Barba has compiled a selection of her more recent works for KUNST FILM KINO. The Long Road (2010), like They Shine (2007) and The Waiting Grounds (2007) filmed in the Mojave Desert in California, follows the tracks of an abandoned motor racing circuit, which, like a gigantic character, that has etched itself into the desert landscape hitherto used for military testing. They Shine reflects the immediate environment in a seemingly endless series of movable solar panels and their machine-controlled choreography whilst a man's voice can be heard off-screen citing various statements made by residents of the facility. The Waiting Grounds utilises the remnants of an anticipated and yet abandoned future as the starting point of its narrative.
Somnium (2011) also interweaves a number of different time levels. The location is the Dutch Maasvlakte, a large harbour and industrial area south of the Maas estuary, which was meant to be extended via land reclamation since 2004. Barba interviewed residents, including a beekeeper, about their vision of this country in the future. Their imagined projections about the future coincide with the images of a devastated landscape – a collecting tank for contaminated residues of the river, oil silos, huge docks ... It resembles a thoroughly ambivalent »dream«, its title Somnium not by accident recalling the work by the natural philosopher and optician, Johannes Kepler, itself considered to be the first science fiction novella.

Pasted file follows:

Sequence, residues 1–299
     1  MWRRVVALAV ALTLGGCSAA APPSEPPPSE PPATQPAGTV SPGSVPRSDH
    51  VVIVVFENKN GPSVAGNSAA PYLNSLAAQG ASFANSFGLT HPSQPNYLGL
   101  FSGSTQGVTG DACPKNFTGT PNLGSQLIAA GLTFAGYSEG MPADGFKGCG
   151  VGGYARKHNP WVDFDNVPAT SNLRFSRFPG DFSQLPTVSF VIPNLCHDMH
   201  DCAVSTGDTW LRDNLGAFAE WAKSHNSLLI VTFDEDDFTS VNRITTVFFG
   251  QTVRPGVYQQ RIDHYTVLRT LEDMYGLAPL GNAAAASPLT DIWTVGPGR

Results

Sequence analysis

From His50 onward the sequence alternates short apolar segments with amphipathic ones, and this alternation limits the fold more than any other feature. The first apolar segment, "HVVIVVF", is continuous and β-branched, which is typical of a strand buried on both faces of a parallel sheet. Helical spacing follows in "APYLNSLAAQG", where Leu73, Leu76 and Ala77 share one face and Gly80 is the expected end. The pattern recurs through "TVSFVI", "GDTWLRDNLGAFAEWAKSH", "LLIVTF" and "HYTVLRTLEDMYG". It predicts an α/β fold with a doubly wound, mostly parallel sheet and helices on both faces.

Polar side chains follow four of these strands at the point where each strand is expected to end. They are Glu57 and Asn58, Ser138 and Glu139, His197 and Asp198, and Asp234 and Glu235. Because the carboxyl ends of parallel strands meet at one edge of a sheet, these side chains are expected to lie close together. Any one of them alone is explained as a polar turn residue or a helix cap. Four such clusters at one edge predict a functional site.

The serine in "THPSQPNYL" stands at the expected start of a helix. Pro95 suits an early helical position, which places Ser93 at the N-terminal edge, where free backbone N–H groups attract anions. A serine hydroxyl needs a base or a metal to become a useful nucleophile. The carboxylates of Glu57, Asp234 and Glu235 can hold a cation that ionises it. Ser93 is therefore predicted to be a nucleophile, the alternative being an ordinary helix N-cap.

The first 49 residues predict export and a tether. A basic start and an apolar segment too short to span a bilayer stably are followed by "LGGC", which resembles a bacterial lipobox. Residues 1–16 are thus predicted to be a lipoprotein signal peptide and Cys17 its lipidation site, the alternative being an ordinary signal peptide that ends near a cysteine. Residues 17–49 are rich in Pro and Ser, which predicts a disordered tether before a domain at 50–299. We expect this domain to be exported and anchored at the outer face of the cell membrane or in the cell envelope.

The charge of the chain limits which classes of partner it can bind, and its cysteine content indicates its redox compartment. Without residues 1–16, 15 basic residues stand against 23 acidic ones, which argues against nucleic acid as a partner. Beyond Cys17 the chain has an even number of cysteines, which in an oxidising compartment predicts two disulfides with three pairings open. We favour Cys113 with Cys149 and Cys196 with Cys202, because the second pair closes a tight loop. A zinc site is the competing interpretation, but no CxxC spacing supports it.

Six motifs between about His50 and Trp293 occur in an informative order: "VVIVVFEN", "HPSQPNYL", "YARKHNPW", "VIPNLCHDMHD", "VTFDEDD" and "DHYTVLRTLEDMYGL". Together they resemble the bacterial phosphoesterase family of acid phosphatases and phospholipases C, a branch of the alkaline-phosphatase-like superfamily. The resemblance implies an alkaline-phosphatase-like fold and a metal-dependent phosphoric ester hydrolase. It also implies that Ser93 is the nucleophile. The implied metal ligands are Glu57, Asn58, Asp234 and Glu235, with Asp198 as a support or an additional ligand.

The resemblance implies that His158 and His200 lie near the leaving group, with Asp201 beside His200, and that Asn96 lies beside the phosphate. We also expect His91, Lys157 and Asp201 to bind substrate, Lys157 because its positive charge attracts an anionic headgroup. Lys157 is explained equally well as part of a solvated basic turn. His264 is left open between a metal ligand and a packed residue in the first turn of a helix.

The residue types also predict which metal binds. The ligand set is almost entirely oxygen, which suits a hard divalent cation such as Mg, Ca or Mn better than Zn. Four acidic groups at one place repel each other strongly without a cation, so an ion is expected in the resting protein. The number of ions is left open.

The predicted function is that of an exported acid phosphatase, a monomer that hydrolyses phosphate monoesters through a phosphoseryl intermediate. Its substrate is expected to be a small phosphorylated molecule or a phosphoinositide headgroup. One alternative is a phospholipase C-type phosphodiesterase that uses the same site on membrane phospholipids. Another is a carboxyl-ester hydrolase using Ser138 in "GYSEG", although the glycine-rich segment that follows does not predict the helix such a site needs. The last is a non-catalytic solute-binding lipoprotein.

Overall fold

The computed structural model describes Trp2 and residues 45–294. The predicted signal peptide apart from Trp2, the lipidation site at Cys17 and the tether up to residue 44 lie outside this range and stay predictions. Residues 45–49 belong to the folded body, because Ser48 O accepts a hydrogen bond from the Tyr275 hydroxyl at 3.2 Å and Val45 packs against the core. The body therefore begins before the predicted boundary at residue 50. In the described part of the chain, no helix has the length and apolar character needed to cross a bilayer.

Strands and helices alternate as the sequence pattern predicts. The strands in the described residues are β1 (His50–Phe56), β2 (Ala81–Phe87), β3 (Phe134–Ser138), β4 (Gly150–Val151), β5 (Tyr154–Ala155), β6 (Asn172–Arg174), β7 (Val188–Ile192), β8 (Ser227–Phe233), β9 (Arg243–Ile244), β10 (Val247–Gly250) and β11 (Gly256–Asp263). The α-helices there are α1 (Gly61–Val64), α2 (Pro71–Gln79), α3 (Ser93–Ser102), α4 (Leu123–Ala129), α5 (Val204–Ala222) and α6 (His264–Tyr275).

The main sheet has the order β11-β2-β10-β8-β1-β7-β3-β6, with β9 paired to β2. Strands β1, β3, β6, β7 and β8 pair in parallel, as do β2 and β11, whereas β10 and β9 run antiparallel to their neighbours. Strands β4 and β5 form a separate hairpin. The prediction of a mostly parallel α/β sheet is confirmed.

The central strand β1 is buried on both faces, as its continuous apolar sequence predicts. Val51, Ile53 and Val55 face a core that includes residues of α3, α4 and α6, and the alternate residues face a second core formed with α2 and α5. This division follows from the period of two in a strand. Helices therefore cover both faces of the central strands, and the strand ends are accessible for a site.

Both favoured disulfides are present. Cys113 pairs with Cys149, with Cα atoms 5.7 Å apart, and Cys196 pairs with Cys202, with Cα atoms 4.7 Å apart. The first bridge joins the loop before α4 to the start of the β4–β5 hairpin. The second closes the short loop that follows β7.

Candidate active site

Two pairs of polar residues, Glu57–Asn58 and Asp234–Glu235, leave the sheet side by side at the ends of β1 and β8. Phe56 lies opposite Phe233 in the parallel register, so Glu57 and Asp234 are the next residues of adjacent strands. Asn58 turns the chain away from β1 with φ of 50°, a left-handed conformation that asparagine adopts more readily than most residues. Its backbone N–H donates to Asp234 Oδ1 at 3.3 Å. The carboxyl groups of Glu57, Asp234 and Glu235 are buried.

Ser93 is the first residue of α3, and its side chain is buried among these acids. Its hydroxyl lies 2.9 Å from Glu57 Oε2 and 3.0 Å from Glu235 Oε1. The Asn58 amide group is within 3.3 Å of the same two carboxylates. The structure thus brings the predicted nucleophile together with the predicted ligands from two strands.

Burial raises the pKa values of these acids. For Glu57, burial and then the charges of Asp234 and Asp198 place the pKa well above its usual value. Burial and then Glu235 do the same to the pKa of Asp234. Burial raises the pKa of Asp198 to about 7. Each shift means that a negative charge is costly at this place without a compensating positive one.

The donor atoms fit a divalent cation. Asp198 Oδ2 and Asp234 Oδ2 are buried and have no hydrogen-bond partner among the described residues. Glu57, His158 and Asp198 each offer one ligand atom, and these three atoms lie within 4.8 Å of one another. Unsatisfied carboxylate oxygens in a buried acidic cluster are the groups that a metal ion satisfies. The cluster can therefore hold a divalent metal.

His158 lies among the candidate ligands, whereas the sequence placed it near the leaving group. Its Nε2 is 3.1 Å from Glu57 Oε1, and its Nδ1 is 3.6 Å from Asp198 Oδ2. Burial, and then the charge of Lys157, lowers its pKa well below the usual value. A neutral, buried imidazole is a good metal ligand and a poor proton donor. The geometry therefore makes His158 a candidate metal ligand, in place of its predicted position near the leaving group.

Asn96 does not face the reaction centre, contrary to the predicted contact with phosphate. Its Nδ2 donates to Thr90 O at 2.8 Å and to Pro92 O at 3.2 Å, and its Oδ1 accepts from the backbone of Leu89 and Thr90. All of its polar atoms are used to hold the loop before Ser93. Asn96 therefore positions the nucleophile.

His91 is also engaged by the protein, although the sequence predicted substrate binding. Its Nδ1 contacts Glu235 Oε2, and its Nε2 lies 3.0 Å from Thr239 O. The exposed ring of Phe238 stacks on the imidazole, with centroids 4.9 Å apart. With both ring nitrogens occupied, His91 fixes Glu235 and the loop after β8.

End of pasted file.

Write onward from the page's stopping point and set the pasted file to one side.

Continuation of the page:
Both films The Hidden Conference: About the Discontinuous History of Things We See and Do not See and The Hidden Conference: A Fractured Play (both 2011) relocate the coincidence of different time levels to the museum – or more precisely, into its storeroom – as a site of cultural memory. The camera slowly scans unseen and unordered pieces in the collection from different eras, staging a fictitious dialogue or »conference«, which is not accessible to the public, nonetheless shaping the visible world in secret.
ULLA VON BRANDENBURG
Monday, October 22, 2012, 7.30 pm